IRES-Mediated Coupling of Transcription and Translation Amplifies Insulin Receptor Feedback. Marr, M.T., D’Alessio, J.A., Puig, O. and Tjian, R. (2007) Genes Dev. 21, 175-83. [abstract]
Coactivator cross-talk specifies transcriptional output. Marr, M.T., Isogai, Y., Wright, K. J., and Tjian, R. (2006) Genes Dev. 20, 1458-69. [abstract]
TAF4 nucleates a core subcomplex of TFIID and mediates activated transcription from a TATA-less promoter. Wright, K. J., Marr, M.T., and Tjian, R. (2006) PNAS. 103, 12347-52. [abstract]
Efficient release from promoter-proximal stall sites requires transcript cleavage factor TFIIS. Adelman, K., Marr, M.T., Werner, J., Saunders, A., Ni, Z., Andrulis, E.D., Lis, J.T. (2005) Mol Cell. 17, 103-12. [abstract]
Regulatory diversity among metazoan co-activator complexes. Taatjes. D.J., Marr M.T., Tjian, R. (2004) Nat Rev Mol Cell Biol. 5, 403-10.
Interactions among CII protein, RNA polymerase and the lambda PRE promoter: contacts between RNA polymerase and the –35 region of PRE are identical in the presence and absence of CII protein. Marr M.T., Roberts, J.W., Brown, S.E., Klee, M., Gussin, G.N. (2004) Nucleic Acids Res. 32, 1083-90. [abstract]
Control of cell number by Drosophila FOXO: downstream and feedback regulation of the insulin receptor pathway. Puig O., Marr M.T., Ruhf, M.L., Tjian, R. (2003) Genes Dev. 17, 2006-20. [abstract]
E. coli transcription repair coupling factor (Mfd protein) rescues arrested complexes by promoting forward translocation. Park, J.S., Marr, M.T., Roberts, J.W. (2002) Cell. 109, 757-67. [abstract]
Restructuring of an RNA polymerase holoenzyme elongation complex by lambdoid phage Q proteins. Marr, M.T., Datwyler, S., Meares, C., Roberts, J.W. (2001) Proc Natl Acad Sci. 98, 8972-8.
Function of Transcription Cleavage Factors GreA and GreB at a Regulatory Pause Site. Marr, M.T., and Roberts, J.W. (2000) Mol Cell. 6, 1275-85.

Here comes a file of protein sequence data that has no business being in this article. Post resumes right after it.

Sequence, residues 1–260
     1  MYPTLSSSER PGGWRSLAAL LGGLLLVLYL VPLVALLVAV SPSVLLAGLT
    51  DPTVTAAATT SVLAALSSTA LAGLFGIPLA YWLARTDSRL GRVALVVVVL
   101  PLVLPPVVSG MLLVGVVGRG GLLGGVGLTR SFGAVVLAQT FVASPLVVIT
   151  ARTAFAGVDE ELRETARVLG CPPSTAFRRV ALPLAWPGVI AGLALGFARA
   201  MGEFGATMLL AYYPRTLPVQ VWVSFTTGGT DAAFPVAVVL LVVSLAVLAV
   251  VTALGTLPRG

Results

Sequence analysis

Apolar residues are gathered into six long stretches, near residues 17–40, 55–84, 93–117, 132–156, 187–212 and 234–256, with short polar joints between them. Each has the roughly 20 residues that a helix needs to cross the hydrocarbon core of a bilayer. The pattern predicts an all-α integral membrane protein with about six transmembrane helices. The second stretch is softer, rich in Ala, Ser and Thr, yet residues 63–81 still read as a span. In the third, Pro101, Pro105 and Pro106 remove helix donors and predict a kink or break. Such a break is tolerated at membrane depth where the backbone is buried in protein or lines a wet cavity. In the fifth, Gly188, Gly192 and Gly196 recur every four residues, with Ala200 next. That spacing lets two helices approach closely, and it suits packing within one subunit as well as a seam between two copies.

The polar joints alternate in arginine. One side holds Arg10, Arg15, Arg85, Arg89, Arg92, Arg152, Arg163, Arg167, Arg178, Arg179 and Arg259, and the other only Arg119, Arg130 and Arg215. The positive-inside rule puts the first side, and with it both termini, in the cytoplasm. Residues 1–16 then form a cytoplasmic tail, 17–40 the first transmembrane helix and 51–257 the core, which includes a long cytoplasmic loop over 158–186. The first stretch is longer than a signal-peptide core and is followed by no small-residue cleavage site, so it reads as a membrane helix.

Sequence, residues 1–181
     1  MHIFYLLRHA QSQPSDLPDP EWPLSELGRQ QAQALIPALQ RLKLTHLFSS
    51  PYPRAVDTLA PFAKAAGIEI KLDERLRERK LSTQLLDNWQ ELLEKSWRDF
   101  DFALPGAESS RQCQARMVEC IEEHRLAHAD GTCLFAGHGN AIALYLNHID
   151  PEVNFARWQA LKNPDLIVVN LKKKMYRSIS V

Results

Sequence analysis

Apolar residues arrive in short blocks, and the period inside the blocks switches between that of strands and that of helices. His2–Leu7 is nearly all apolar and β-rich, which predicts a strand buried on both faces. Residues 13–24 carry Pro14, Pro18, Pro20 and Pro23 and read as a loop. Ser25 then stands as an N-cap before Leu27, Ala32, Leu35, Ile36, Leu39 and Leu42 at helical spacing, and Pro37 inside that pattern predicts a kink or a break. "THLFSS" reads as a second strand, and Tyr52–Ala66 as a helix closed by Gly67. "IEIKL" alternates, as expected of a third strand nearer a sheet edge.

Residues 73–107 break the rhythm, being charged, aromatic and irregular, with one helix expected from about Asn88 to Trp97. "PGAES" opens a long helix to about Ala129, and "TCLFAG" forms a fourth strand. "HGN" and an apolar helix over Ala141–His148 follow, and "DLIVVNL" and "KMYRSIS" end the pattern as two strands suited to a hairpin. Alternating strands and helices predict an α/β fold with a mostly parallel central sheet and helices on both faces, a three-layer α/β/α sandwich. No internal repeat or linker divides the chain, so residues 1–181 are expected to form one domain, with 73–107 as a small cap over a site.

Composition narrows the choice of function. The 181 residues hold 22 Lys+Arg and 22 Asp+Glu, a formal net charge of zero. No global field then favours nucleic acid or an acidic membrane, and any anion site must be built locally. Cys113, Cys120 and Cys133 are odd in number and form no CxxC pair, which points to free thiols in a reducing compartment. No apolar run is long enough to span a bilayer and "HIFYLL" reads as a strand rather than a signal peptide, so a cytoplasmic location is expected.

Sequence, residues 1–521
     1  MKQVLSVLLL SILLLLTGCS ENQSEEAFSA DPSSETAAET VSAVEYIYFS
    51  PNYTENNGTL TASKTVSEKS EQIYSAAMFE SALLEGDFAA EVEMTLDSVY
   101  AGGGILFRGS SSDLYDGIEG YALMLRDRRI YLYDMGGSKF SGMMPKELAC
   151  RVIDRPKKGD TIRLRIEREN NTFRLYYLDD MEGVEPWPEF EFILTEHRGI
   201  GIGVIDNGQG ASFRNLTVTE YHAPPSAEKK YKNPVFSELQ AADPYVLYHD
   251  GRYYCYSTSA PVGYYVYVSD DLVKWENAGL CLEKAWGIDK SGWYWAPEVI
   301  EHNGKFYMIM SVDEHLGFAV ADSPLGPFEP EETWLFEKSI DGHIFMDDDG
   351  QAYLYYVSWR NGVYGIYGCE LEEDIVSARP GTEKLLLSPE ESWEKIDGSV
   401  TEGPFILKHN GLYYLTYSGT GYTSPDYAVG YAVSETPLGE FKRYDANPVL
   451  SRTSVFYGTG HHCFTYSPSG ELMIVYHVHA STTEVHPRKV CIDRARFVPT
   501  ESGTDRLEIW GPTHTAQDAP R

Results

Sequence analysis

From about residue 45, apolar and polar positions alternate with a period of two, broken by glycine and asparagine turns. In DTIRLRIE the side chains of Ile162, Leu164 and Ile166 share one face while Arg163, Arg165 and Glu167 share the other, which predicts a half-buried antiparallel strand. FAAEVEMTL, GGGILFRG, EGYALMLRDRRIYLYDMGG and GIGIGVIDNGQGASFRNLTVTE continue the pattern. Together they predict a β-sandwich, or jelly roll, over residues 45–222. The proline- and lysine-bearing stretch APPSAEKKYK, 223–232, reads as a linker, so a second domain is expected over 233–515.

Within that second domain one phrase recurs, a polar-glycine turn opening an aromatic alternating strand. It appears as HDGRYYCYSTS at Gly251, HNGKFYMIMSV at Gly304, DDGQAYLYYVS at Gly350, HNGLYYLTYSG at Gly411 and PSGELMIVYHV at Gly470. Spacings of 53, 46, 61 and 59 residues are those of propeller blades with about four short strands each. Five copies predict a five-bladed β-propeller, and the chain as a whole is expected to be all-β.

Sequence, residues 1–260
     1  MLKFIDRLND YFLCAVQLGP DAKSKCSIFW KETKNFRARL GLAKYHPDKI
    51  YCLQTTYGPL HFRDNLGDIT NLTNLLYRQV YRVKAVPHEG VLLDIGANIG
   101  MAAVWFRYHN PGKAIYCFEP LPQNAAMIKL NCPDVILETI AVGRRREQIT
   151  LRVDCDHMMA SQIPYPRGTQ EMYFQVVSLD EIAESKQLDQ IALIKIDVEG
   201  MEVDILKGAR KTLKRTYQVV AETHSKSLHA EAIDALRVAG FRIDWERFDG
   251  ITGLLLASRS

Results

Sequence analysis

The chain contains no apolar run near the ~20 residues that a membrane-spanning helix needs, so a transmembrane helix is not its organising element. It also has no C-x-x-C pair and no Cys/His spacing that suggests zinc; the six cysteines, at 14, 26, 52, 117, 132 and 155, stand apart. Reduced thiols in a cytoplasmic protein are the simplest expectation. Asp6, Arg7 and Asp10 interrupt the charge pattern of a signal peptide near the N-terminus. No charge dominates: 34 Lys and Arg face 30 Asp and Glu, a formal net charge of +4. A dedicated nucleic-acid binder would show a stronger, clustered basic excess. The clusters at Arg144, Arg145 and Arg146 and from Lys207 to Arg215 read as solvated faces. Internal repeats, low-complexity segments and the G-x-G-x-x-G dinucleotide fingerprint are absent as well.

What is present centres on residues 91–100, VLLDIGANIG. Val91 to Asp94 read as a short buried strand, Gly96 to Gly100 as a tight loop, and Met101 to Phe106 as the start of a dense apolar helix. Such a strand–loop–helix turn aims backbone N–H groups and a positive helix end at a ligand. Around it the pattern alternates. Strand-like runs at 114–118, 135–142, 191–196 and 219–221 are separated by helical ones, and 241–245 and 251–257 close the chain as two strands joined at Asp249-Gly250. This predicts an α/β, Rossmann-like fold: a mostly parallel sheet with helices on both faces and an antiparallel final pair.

The interface of sigma with core RNA polymerase is extensive, conserved, and functionally specialized. Sharp, M.M., Chan, C.L., Lu, C.Z., Marr, M.T., Nechaev, S., Merritt, E.W., Severinov, K., Roberts, J.W., and Gross, C.A. (1999) Genes Dev. 13, 3015-26.
Antitermination by bacteriophage lambda Q protein. Roberts, J.W., Yarnell, W., Bartlett, E., Guo, J., Marr, M., Ko, D. C., Sun, H., and Roberts, C. W. (1998) Cold Spring Harb Symp Quant Biol. 63, 319-25.
A surface of Escherichia coli sigma 70 required for promoter function and antitermination by phage lambda Q protein. Ko, D.C., Marr, M.T., Guo, J., and Roberts, J.W. (1998) Genes Dev. 12, 3276-85.
Promoter recognition as measured by binding of polymerase to nontemplate strand oligonucleotide. Marr, M.T., and Roberts, J.W. (1997) Science. 276, 1258-60.
Pribnow Box Recognition and Melting by Escherichia coli RNA Polymerase. Darst S.A., Roberts, J.W., Malhotra, A. Marr, M., Severinov, K. & Severinova, E. (1997) In Nucleic Acids & Mol. Biol., F.E.D.M.J. Lilley, ed. (London: Springer), pp. 551-56.
Domain organization of the Escherichia coli RNA polymerase sigma 70 subunit. Severinova, E., Severinov, K., Fenyo, D., Marr, M., Brody, E.N., Roberts, J.W., Chait, B.T., and Darst, S.A. (1996) J Mol Biol. 263, 637-47.